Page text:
Rocking the Rutgers-Camden experience


DJ. Author. Publicist. Journalist. Heavy Metal enthusiast. Sorority sister. All of these labels have been assigned to Amy Sciarretto (CCAS ’98) at one time or another, but none of them sums up what she truly is: determined. As she shares her academic and career experiences with me during a recent phone interview, I realize that I’m talking to living proof that what we all seek to achieve is possible: making a dream a reality.

Sciarretto confirms this when she says, “I was very serious about wanting to work in the entertainment business. Most people get out of college not knowing what they want to do. I knew what I wanted to do before I even got of high school.” Currently, she works as a director of publicity, media, and artist relations for Roadrunner Records, a heavy metal subsidiary of Warner Music Group. In addition, she is a freelance writer for popular music publications such as Alternative Press, Hit Parader, and CMJ, not to mention numerous other music websites and outlets she contributes to on a daily basis and the book she somehow made time to co-author. Needless to say, Amy has made it.

Sciarretto credits our campus radio station as her “springboard and launch pad” into the music industry. “Some people might think, ‘A small, little radio station on a campus in Camden?’ but you make the most out of it. I squeezed every drop out of that, and I used it to my advantage. I made it work. I made contacts there. I spent every Monday and Tuesday after my classes and took calls from radio promotion people from across the country, and that’s how I made my contacts.”

“When I was getting ready to graduate, that was who I sent my resume to,” she continues. Every person I had talked to, I sent my resume to. I didn’t matter if talked to them one time or ten times. I sent them my resume and that’s how I basically built a network.”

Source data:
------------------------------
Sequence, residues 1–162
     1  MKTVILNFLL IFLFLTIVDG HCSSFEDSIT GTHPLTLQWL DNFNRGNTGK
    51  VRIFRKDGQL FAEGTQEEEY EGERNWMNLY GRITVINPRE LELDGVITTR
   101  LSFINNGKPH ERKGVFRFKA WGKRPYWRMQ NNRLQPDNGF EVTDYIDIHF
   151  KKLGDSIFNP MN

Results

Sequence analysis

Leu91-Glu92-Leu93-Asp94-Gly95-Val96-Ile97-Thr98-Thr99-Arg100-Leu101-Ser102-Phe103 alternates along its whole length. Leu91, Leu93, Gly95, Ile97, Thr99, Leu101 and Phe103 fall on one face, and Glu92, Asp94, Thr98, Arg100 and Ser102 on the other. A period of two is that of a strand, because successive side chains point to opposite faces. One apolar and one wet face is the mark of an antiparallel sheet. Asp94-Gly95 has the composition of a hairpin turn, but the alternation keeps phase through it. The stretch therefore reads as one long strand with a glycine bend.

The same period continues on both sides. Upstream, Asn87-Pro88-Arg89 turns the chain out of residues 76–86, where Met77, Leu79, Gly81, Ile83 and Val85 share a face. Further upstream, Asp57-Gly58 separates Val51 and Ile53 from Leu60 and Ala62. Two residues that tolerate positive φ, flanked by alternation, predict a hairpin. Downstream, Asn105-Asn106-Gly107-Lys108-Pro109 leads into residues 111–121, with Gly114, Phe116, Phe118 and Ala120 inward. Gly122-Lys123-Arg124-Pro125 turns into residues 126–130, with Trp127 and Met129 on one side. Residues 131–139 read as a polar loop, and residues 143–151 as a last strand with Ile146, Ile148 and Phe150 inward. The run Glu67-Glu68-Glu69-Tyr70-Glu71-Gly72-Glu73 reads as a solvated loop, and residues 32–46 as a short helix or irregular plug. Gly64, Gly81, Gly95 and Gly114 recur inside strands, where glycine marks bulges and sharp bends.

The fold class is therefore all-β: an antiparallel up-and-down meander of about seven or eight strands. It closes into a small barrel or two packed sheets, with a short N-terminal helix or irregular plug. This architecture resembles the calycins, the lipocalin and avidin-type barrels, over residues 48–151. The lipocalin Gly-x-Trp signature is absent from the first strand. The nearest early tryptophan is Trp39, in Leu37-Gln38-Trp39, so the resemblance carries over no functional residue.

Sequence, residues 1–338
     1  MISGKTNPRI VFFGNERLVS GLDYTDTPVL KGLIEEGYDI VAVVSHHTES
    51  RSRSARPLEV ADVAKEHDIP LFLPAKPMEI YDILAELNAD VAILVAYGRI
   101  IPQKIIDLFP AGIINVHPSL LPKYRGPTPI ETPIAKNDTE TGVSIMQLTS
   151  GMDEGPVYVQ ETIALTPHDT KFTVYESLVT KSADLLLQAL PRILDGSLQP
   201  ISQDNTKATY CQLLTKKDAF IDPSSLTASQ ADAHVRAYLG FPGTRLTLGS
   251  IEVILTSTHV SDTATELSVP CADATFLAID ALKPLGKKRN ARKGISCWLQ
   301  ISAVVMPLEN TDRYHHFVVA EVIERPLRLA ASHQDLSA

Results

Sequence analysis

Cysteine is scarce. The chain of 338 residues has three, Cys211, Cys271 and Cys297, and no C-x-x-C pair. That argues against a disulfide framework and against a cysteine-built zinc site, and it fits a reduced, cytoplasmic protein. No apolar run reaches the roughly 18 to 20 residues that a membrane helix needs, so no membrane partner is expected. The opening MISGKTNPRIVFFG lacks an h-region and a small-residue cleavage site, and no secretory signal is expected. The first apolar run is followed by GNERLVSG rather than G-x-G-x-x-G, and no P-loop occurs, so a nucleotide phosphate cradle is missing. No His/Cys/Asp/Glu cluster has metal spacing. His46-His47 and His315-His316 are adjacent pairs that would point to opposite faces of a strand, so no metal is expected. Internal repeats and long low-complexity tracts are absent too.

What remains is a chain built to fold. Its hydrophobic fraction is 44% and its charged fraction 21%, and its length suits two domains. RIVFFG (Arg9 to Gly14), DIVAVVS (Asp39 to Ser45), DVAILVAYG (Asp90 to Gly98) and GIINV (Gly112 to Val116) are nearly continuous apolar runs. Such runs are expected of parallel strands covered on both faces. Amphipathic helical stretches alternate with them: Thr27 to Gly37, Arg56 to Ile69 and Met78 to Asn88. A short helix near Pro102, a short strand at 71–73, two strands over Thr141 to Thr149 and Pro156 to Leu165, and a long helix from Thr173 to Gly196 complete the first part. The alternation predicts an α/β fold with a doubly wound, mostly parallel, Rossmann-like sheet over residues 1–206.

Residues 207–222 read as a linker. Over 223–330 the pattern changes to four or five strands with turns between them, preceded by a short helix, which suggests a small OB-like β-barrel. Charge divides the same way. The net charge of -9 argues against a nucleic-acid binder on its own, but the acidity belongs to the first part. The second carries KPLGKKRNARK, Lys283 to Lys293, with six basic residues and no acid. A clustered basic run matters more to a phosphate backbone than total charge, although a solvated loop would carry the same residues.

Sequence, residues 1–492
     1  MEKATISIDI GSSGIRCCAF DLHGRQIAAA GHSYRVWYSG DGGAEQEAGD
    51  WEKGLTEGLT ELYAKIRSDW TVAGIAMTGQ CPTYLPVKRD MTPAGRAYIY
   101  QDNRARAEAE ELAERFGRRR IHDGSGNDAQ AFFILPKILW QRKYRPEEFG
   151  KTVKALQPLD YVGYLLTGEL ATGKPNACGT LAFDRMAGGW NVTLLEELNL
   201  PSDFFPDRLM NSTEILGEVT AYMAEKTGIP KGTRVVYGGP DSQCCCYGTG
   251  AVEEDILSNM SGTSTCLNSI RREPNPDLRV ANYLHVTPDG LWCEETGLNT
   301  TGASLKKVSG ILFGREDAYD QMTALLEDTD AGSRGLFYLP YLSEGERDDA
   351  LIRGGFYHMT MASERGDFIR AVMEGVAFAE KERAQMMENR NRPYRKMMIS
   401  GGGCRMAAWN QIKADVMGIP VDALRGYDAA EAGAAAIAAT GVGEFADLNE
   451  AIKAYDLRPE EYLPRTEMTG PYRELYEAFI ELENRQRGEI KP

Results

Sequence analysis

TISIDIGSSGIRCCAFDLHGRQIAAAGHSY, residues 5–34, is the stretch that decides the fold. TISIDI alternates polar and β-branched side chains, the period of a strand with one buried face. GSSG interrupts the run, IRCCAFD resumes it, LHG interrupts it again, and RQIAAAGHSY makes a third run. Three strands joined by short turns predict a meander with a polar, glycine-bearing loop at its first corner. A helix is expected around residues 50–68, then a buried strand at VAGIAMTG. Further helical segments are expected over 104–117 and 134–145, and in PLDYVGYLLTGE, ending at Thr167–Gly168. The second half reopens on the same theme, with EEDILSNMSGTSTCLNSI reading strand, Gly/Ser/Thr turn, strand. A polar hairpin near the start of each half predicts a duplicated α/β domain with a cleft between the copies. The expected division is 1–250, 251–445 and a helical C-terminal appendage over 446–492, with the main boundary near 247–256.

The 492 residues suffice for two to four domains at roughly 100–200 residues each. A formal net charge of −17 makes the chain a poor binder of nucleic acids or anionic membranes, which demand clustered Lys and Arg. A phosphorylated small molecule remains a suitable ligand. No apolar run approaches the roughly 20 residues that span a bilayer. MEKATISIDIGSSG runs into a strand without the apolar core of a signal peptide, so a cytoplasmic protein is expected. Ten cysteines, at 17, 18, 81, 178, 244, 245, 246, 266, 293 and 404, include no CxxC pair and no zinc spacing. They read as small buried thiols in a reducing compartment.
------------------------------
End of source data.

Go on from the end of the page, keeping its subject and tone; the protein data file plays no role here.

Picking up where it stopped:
It is when she talks about her time at the radio station that Amy’s affection for our campus can be felt over the phone. She remembers fondly how during the mid-90s she was a part of the WCCR crew that helped bring the station out of its slump and up to the caliber of programming it produces today. “I definitely benefited from it, and the school benefited because I put so much time and effort into it and made it a viable campus activity with good membership,” she says. “That was something I was really proud of because I spent every night there and every day in between classes, and sometimes even missing classes, in order to take care of the radio station.” In addition to her radio gig as a student, Amy also began to establish her position in the editorial field by writing and editing The Gleaner’s music section as well as for local and national rock and pop-culture magazines.

But don’t get her wrong, not everything about her time at Rutgers-Camden revolved around driving her career. She did squeeze in time to have fun and even learned a few life-lessons along the way. Her choice to join Delta Phi Epsilon sorority came from her passion to meet new people and, as she puts it, do “cool service stuff.”

But what has really stuck with Sciarretto through the years is a time management tip she learned while attending a Learning Center workshop her sophomore year. “I learned something from that seminar that I still use to this day,” says Sciarretto. “I’ve managed, throughout my career, to have multiple jobs, and I still use that (time management) method today!”

What shines through during our conversation is that for Sciarretto going to college was more than just a means to secure a job. Her time at Rutgers-Camden was made up of cherished experiences she would not have had if she had not taken advantage of all that the campus had to offer. “I made the most out of my time there. Even though it’s a commuter campus, some people think it’s not really like going to college. It really was for me. I made it as much of the experience as I could by doing as many activities as I could.”

Sciarretto stresses how important Rutgers-Camden was in shaping her outlook and offers up this small piece of counsel to anyone interested in getting more out of their college experience: “I always advise people to take the opportunity and embrace what’s being offered to you, because I don’t think people realize how much they can do on their campus.”

Interested in following Amy Sciarretto’s editorial career? Keep up with her on Twitter: @LRGRRL666


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